One of the most interested facts about the Triple Crown races is that they weren’t collectively known as the Triple Crown until the 1930s

Learn about the popular horse racing travel packages we can arrange for you.

One of the most interested facts about the Triple Crown races is that they weren’t collectively known as the Triple Crown until the 1930s

The thrilling race for the Triple Crown kicks off with the Kentucky Derby, followed by the Preakness Stakes and the Belmont Stakes. These races are some of the most exciting — and most-watched — sporting spectacles of the year. Superior Executive Services is proud to offer unforgettable luxury horse racing travel packages to these races and more.

Whether you’re cheering for the world’s finest thoroughbreds in person or at home, we wanted to get the party started with these 12 facts about Triple Crown races:

  1. There have only been 13 champs since 1875
  2. These are spring “jewels”
  3. Belmont Stakes is the longest
  4. There’s serious cash at stake
  5. The Kentucky Derby isn’t the oldest race
  6. It wasn’t always the Triple Crown
  7. There have been close calls
  8. The Triple Crown is a boy’s club
  9. Secretariat still holds a record
  10. Each race has a floral tradition
  11. Mint juleps used to be medicinal
  12. There’s no better way to see the Triple Crown than with Superior

Read on to learn more facts about Triple Crown races, and the horse racing travel packages we offer.

There have only been 13 Triple Crown champs since 1875

The Triple Crown is awarded to the three-year-old Thoroughbred that, in a single season, wins the Kentucky Derby, the Preakness Stakes, and the Belmont Stakes. Since 1875, only 13 horses have achieved the elusive success of the Triple Crown, starting with Sir Barton in 1919 (although no one recognized the achievement at that time), and most recently, Justify in 2018. Justify was the first undefeated horse to achieve the Triple Crown since 1977.

These are spring “jewels”

The Kentucky Derby, Preakness Stakes, and Belmont Stakes are run between early May and early June. There are dozens of other high-profile races throughout the year, but these three races are known as the jewels of the Triple Crown.

Belmont Stakes is the longest

The Belmont Stakes is the longest of the three races; at 1.5 miles, it’s sometimes called the “Test of the Champion.”

There’s serious cash at stake

A Triple Crown winner (or, rather, his owners) can stand to take home more than just a trophy. In 2019, the Kentucky Derby purse was raised to $3 million (to be split among the top finishers); the Preakness and Belmont Stakes offer total purses of $1.5 million.

The Kentucky Derby isn’t the oldest race

The Kentucky Derby is considered America’s most prestigious horse race, but both the Preakness Stakes and the Belmont Stakes have been around longer. The first Belmont Stakes was held at Jerome Park in the Bronx in 1867. The first Preakness Stakes was run at Pimlico Race Course in Maryland in 1873. Two years later, Meriwether Lewis Clark Jr. (grandson of famed explorer William Clark) founded Churchill Downs. Around 10,000 people attended the first Kentucky Derby in 1875.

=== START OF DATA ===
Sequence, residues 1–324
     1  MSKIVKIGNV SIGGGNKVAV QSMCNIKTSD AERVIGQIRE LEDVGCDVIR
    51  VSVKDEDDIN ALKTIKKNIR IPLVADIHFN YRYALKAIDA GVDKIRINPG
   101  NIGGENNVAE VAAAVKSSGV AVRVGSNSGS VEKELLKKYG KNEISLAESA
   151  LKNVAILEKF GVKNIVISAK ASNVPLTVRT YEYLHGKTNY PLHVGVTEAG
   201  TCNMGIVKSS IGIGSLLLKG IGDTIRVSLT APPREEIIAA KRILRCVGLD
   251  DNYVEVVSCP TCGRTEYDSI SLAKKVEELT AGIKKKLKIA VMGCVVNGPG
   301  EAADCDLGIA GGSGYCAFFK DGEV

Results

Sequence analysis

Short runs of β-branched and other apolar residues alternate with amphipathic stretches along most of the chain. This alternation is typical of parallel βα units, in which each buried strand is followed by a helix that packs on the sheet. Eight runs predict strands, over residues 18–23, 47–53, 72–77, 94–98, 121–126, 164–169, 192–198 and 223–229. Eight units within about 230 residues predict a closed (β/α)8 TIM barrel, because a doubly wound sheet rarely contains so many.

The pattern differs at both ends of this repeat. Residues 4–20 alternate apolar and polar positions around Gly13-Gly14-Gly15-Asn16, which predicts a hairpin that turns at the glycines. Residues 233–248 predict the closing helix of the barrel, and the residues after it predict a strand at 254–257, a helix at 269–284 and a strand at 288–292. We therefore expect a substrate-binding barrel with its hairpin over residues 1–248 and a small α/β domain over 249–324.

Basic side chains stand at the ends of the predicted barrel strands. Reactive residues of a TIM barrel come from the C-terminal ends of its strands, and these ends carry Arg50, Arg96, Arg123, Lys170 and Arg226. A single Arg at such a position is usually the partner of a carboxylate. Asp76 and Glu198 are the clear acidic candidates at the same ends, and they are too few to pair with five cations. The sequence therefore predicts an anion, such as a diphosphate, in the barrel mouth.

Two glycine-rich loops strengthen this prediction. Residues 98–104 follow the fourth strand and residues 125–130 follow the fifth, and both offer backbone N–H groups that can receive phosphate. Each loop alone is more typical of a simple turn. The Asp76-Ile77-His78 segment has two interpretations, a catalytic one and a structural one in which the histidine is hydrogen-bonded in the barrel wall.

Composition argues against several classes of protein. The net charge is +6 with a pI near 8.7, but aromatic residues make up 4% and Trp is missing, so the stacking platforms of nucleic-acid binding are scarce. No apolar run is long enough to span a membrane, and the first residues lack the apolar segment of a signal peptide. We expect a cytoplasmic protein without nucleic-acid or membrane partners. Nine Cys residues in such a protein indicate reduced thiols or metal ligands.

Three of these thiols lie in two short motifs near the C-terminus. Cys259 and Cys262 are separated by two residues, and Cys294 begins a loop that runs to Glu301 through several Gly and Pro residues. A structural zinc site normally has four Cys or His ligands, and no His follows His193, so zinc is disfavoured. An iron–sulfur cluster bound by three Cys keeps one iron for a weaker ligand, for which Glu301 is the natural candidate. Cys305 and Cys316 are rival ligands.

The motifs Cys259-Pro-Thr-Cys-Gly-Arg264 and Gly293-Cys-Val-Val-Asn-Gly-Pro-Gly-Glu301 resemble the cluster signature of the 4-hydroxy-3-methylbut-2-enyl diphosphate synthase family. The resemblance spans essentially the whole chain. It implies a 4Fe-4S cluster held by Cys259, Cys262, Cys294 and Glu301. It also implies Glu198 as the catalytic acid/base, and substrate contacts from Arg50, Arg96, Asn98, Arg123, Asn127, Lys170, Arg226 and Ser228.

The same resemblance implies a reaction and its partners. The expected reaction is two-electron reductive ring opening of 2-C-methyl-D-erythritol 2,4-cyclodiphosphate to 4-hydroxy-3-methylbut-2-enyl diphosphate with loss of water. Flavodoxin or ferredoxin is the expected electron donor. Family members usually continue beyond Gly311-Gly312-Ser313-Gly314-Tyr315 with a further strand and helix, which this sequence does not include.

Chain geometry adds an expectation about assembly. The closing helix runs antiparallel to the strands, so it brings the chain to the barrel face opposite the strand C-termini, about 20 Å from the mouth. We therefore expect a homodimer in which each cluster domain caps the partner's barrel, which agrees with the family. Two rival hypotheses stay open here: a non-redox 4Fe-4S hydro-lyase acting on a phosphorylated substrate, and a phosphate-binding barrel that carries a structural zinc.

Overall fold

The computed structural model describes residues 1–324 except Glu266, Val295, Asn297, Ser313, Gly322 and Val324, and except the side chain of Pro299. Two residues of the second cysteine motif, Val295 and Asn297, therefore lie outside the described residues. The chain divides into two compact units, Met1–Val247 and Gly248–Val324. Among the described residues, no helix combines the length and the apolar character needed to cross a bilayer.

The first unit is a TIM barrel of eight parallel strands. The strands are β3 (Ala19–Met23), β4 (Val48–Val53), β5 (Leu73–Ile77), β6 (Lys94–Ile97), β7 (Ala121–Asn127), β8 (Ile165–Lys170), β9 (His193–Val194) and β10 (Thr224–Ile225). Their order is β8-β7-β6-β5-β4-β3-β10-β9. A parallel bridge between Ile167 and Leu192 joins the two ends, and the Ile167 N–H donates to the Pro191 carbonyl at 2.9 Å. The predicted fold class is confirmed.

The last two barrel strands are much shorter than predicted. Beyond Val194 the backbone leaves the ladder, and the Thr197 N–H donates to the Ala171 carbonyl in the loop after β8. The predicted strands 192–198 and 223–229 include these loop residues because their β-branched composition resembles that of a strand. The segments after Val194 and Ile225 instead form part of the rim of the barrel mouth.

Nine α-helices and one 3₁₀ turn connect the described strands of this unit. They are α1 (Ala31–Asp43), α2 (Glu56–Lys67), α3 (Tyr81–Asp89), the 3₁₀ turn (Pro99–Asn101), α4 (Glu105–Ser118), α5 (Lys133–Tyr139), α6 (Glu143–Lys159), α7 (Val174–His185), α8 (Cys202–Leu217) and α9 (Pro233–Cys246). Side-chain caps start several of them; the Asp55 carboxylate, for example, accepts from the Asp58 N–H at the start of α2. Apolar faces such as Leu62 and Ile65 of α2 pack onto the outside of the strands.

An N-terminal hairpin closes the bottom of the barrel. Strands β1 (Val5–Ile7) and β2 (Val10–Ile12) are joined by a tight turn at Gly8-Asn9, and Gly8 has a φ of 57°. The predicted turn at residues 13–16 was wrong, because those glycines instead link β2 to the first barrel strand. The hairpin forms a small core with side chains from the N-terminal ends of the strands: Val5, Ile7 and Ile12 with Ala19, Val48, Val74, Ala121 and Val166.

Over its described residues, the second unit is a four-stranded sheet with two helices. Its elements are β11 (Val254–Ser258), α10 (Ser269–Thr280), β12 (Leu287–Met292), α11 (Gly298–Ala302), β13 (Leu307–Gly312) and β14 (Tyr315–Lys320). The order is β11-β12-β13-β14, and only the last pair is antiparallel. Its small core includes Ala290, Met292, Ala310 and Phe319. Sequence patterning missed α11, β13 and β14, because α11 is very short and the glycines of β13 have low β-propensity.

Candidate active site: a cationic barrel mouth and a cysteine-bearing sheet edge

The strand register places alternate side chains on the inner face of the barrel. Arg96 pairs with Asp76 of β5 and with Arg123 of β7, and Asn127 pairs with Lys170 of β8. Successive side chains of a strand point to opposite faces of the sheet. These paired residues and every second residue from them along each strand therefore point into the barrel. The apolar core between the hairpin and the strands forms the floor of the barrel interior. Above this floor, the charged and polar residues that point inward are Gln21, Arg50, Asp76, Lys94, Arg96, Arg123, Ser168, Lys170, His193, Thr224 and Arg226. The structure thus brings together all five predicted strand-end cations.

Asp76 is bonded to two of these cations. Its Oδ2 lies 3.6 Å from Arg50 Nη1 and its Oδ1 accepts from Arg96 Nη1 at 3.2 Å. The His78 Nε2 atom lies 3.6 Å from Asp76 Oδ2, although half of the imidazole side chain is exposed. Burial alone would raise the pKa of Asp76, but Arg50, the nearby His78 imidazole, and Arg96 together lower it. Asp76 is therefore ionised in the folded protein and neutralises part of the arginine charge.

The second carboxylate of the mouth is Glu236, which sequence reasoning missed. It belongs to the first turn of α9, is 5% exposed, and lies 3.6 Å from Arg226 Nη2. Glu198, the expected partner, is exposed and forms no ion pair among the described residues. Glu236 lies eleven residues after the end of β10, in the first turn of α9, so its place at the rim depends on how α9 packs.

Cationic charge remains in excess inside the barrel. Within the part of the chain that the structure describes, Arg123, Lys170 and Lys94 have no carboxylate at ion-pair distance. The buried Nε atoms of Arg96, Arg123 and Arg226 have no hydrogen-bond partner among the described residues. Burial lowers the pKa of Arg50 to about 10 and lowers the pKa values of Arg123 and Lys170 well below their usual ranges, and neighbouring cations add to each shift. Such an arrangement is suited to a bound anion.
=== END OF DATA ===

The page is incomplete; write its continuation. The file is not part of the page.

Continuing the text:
It wasn’t always the Triple Crown

Although all three races began decades earlier, it wasn’t until the 1930s that the three races were widely known by the term Triple Crown.

There have been close calls

Between 1979 and 2014, another 13 horses nearly claimed the Triple Crown, winning both the Kentucky Derby and the Preakness, but falling short at the Belmont Stakes.

The Triple Crown is a boy’s club

Only 11 fillies have won one Triple Crown race, and none have claimed the ultimate prize of winning all three in one season.

Secretariat still holds a record

In 1973, Secretariat — a Triple Crown winner who became a beloved national celebrity — won the Kentucky Derby with a time of 1:59 2/5, a record that still stands. Two weeks later, he won the Preakness. And finally, he won the Belmont Stakes by a shocking margin, setting another record time (2:24) and finishing ahead of the second-place finisher by 31 full lengths.

Each race has a floral tradition

A sports columnist bestowed the nickname “Run for the Roses” upon the Kentucky Derby in the 1920s, but the tradition dates back to 1884 when Clark began gifting the winning jockey a bouquet of roses. The winner of Belmont Stakes is given a blanket made of hundreds of white carnations. A blanket of black-eyed Susans covers the winner of the Preakness.

Mint juleps used to be medicinal

The mint julep was first concocted in the late 18th Century as a medicinal beverage. It has been a Derby tradition for nearly a century and was declared the race’s official drink in 1938. Explore this list of official Derby Cocktail Recipes, exclusively crafted by the Kentucky Derby.

There’s no better way to see the Triple Crown than with Superior

When you travel to the Kentucky Derby, the Preakness Stakes, or the Belmont Stakes with Superior Executive Services, you can expect VIP treatment, luxury accommodations and private transportation, and access to exclusive festivities. Nothing compares to the drama of live horse racing and Superior delivers elite seating close to the action and to five-star hospitality.

Start planning your Triple Crown experience today. Call us at 608.665.9070 or contact us online.

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